Beaujolais Nouveau Day the third Thursday of November on the French calendar. Typically, the day is marked with fireworks, music, and festivals throughout the country. All of this celebration is in response to the first wine of the season, the Beaujolais Nouveau. The wine has become engraved in non-French cultures as well, making the tables of many American families for Thanksgiving (which falls exactly one week after the release of the wine) and acting as the cause of celebration in Wales, where bars are booked up to a year in advance for the release.  

 

Beaujolais Region 

The Beaujolais region is home to Les Sarmentelles, the biggest celebration of Beaujolais Nouveau.  It is also where the Gamay grapes are produced, which will be fermented for roughly three weeks before the distribution of the wine begins. The grapes are mainly produced in the southern parts of Beaujolais, just north of Lyon. French law states that all grapes from this region have to be harvested by hand.  

 

Wine Production 

Carbonic Maceration Process

To make Beaujolais Nouveau wine, the winemaker (le viticulteur/ la viticultrice)  uses a distinct fermentation process that ferments the grapes for only three weeks. Wines fermented for such a short period of time are typically referred to as “young wines.” For the Beaujolais Nouveau, the wine is made using carbonic maceration, which emphasizes fruit flavors and does not extract the bitter tannins from the grape skins. The grapes are introduced to carbon dioxide in a fixed container, which is integrated into the uncrushed grapes and released into the wine as they are crushed. Once ready to be drunk, the wine is fresh, fruity, and low in tannins, but has a greater acidity than most red wines.  

 


Franco-American Centre Gala
 

The Franco-American Centre hosts an annual Gala to celebrate the production of the Beaujolais Nouveau wine. This year, they plan to continue that tradition on November 20th, just two days after the wine goes up for official sale. The event is being held at Derryfield Country Club in Manchester, NH.  Want to join us?  Make sure to reserve by November 12th. For non-members, the cost is $100; for members, it is $90.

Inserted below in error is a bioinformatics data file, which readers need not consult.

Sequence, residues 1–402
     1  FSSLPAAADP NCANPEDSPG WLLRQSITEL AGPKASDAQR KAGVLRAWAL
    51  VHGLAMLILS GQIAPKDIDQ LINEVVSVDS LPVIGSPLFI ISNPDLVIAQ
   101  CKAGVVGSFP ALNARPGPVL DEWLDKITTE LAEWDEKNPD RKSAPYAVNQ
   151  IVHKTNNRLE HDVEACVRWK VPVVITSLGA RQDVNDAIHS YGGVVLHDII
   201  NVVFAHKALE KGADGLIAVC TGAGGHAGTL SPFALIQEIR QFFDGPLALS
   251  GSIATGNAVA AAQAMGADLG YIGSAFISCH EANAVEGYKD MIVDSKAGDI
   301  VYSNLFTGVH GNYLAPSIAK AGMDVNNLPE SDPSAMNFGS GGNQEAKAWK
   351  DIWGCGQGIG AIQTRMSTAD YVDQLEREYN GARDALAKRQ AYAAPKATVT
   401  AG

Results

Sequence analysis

The event is marked by food and wine-tasting. A five-course meal will be served, with a wine perfectly paired to each course. For information about the menu, click the above image.  The 2021 Beaujolais Nouveau wine will make an appearance at the event, being paired with the main courses. Other activities at the gala will include a raffle, a silent auction, and music! 

Au plaisir de vous y voir!

À votre santé!

Architecture: Notre Dame Cathedral

Written by Jasmine Grace,
High School Intern

 

Notre Dame Cathedral

The Notre Dame Cathedral is an enormous and intricately decorated building, with hundreds of hidden details. From the front doors to the gargoyles lining the ledges, each piece has a story of its own. This ancient structure has been a sacred place of worship in the center of Paris for over 800 years. At times it has stood in glory, and it has also suffered through periods of neglect. But the cathedral has always been repaired, and its place in popular thought restored.

 

Construction

Île de la Cité

The area now occupied by the Notre Dame Cathedral, Île de la Cité, has been a religious site for centuries. It was first home to a temple dedicated to the Roman god of the skies, Jupiter. Then the area housed a 4th-century Christian church, then in the 6th-century it became a basilica, then a 9th-century Cathedral, which became an 11th-century Romanesque cathedral. But by 1160, that cathedral still wasn’t a large enough place of worship or the ever-growing population of Paris. So King Louis VII approved and funded the construction of a new cathedral, and construction began in 1163. Although the building has been modified and remodeled several times throughout its long history, original construction is considered to have been completed in 1345. This new church was dedicated to the Virgin Mary, and named Notre Dame (‘Our Lady’ in French). 

 

The Doors